according to this LINK this is a kind of hardware error due to high temperature . can you try the solution to shutdown the PC and leave it till it cools up and tr again


0

Ubuntu doesn't use systemd, so x-systemd.automount won't work. I guess it is just interpreted as an invalid mount option. If you want to have your CIFS share mounted on-demand have a look at this: http://wiki.ubuntuusers.de/Autofs


2

Try this: Make your script: make a new text document and put this in: #!/bin/sh mkdir -p /path/to/custom-mount sudo umount /dev/sdaX ((This is the drive you want to mount in the custom location)) sudo mount -t filesystem-type -o rw /dev/sdaX /path/to/custom-mount Put this script under /etc/init.d. Make it executable by running sudo chmod -x ...


0

You got permission denied from ntfsfix because you didn't use sudo. Mount is telling you that it can't figure out what kind of filesystem it is ( which does not bode well for being able to access your filesystem at all ) and so it wants to you tell it with -t ntfs, but since it couldn't figure this out on its own, this likely won't work either because your ...


2

You can use one of the following commands to get information details about mounted devices: all different commands are used to getting different information in different manners, results ... dmesg sudo fdisk OR sudo fdisk -l sudo blkid lsblk mount lsusb usb-devices df -h


0

From your other question: Run sudo usermod -a -G sudo <username> to add your user back to the sudo group.


0

I found an article in the openSUSE wiki: https://en.opensuse.org/User:Tsu2/LXC_mount_shared_directory I followed the steps and it works now. Create host directory: mkdir /media/data/share && chmod 7777 /media/data/share Create directory in lxc container: mkdir /share Edit lxc config file on host: nano /var/lib/lxc/containername/config ...


-1

There are way too many existing symlinks in /home/phablet/.local to make feasible symlinking the whole /home/phablet directory structure. I tried, but received a bunch of permission denied errors and figured it would probably break things anyhow if I managed to do it. What does work, however, is doing the following: Copying each of the subdir of ...


1

I solved the same problem by adding the UID info as an admin user from my Linux machine, so my /etc/fstab line now looks like this: //192.168.1.X/Multimedia /media/dungeonmultimedia cifs uid=[linuxadminuser],username=[nasadminuser],password=[nasadminpass] 0 0


1

mount: block device /dev/sr0 is write-protected You're trying to burn to a DVD that's write protected. Perhaps it's already burned and a DVD-/+R?


0

You can use the -v flag to mount a volume from a directory. For example if the host system had a directory /tmp/foo that directory could be mounted INSIDE the container at /foo with the following command. docker run -t -i -v /tmp/foo:/foo ubuntu /bin/bash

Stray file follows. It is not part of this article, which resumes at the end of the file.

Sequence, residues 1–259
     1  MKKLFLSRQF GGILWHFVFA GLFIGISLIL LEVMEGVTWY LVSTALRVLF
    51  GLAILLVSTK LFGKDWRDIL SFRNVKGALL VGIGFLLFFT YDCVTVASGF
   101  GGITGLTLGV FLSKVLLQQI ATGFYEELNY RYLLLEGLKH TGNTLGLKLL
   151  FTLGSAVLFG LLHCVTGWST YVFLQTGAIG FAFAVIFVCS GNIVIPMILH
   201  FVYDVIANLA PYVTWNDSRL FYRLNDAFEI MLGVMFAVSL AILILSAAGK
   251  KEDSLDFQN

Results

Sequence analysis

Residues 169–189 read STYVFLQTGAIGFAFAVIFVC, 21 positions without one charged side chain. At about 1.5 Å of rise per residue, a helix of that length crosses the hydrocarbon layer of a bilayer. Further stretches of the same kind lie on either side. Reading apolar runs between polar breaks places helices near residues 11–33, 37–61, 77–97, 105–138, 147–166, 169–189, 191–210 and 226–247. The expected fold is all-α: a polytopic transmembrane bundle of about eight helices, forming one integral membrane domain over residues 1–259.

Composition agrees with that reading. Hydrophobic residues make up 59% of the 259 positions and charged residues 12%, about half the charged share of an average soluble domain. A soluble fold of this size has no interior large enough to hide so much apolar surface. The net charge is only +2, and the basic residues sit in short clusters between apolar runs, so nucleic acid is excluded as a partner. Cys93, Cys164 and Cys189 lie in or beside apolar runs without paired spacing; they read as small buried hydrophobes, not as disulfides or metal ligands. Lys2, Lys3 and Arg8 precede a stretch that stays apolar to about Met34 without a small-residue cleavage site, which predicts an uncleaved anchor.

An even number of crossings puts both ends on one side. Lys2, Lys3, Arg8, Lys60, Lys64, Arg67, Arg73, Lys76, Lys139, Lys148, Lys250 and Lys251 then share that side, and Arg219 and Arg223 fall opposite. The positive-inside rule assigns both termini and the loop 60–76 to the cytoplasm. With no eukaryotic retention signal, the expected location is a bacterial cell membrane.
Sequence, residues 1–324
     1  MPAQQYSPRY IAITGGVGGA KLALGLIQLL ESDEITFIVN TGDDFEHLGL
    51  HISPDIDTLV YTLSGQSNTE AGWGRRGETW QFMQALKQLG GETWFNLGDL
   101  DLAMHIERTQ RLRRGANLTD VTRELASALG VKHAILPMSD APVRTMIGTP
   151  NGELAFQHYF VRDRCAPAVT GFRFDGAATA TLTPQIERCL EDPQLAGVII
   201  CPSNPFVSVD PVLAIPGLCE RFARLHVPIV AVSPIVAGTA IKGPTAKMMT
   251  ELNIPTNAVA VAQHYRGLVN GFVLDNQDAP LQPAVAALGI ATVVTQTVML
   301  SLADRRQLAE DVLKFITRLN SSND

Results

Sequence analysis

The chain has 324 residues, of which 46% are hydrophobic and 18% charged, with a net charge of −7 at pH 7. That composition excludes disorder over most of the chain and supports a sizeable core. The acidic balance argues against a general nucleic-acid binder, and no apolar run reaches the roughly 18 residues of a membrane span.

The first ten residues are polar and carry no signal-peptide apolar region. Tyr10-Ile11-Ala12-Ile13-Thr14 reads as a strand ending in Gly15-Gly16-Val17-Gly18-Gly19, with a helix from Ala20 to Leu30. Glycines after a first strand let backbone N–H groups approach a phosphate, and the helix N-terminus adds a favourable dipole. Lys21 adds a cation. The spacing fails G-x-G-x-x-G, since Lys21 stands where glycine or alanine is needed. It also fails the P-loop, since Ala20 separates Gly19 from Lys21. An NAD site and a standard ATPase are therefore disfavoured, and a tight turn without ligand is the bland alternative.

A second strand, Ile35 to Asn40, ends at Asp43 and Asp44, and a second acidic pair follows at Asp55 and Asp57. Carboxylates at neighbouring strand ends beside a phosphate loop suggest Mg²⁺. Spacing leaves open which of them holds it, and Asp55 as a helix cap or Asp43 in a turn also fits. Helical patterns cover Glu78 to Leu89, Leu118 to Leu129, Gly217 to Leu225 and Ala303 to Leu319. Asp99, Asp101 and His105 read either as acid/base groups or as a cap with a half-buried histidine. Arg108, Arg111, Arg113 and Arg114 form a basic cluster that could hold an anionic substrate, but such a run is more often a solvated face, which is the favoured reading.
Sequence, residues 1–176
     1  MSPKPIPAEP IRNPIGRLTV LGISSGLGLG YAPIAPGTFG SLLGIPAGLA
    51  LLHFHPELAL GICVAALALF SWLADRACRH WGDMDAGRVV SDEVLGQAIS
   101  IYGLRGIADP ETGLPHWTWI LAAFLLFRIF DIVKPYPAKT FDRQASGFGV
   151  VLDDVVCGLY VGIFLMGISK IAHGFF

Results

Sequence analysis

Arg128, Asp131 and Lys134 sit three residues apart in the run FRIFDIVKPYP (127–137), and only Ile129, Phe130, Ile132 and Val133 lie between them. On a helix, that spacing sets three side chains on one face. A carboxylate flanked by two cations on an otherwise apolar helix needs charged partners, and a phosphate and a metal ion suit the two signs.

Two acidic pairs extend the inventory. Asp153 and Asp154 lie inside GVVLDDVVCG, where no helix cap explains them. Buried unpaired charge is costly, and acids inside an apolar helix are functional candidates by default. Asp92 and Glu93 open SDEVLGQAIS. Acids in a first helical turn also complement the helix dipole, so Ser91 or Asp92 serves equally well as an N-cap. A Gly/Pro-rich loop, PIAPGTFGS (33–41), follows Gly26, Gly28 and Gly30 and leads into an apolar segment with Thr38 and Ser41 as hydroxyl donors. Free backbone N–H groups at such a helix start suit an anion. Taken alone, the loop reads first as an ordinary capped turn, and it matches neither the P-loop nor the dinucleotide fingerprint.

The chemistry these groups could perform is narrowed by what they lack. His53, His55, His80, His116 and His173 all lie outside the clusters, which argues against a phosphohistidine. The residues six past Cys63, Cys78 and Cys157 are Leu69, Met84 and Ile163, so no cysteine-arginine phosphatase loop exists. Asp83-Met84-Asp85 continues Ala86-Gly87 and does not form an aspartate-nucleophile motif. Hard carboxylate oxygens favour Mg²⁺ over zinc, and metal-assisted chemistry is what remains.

0

It is really simpler than you think. All you have to do is that when installing the Ubuntu, you will see a page in the installation wizard called user settings. There you will fill up your system password and usernames. So down there you can see a check box says Encrypt my Home folder also All you have to do is that to check mark it and proceed as usual. It ...


1

If you use the nofail option in /etc/fstab, the system will look for your disk (and partition) on boot time. If the device is plugged, the filesystem will be mounted. If not, the boot will continue as normal. See arch wiki: https://wiki.archlinux.org/index.php/Fstab Example UUID=XXXXXXXXXXXXXXX /myusbhdd ntfs nofail,auto,noatime,rw,user 0 0 ...


0

sudo fdisk -l to check which is the usb disk. In case, for example, of /dev/sdb1, then sudo mount -t vfat /dev/sdb1 path_to_mount_point more reference here.


-1

Try using "lsattr" to check for unwanted file system flags, maybe the immutable flag is set. sudo lsattr your-file.sh


0

One solution to this problem is to add the www-data user to the group which owns the file, then adjust the group permissions for the file using chmod , so that the group has write access.


2

The_Seppi's response answers your first question and is absolutely correct in that respect. As to the question of fixing the problem, chances are that one of two things is happening: There may be something wrong with the filesystem (filesystem damage). This can happen if you use the Windows "fast startup" feature, which is set by default. It's imperative ...


0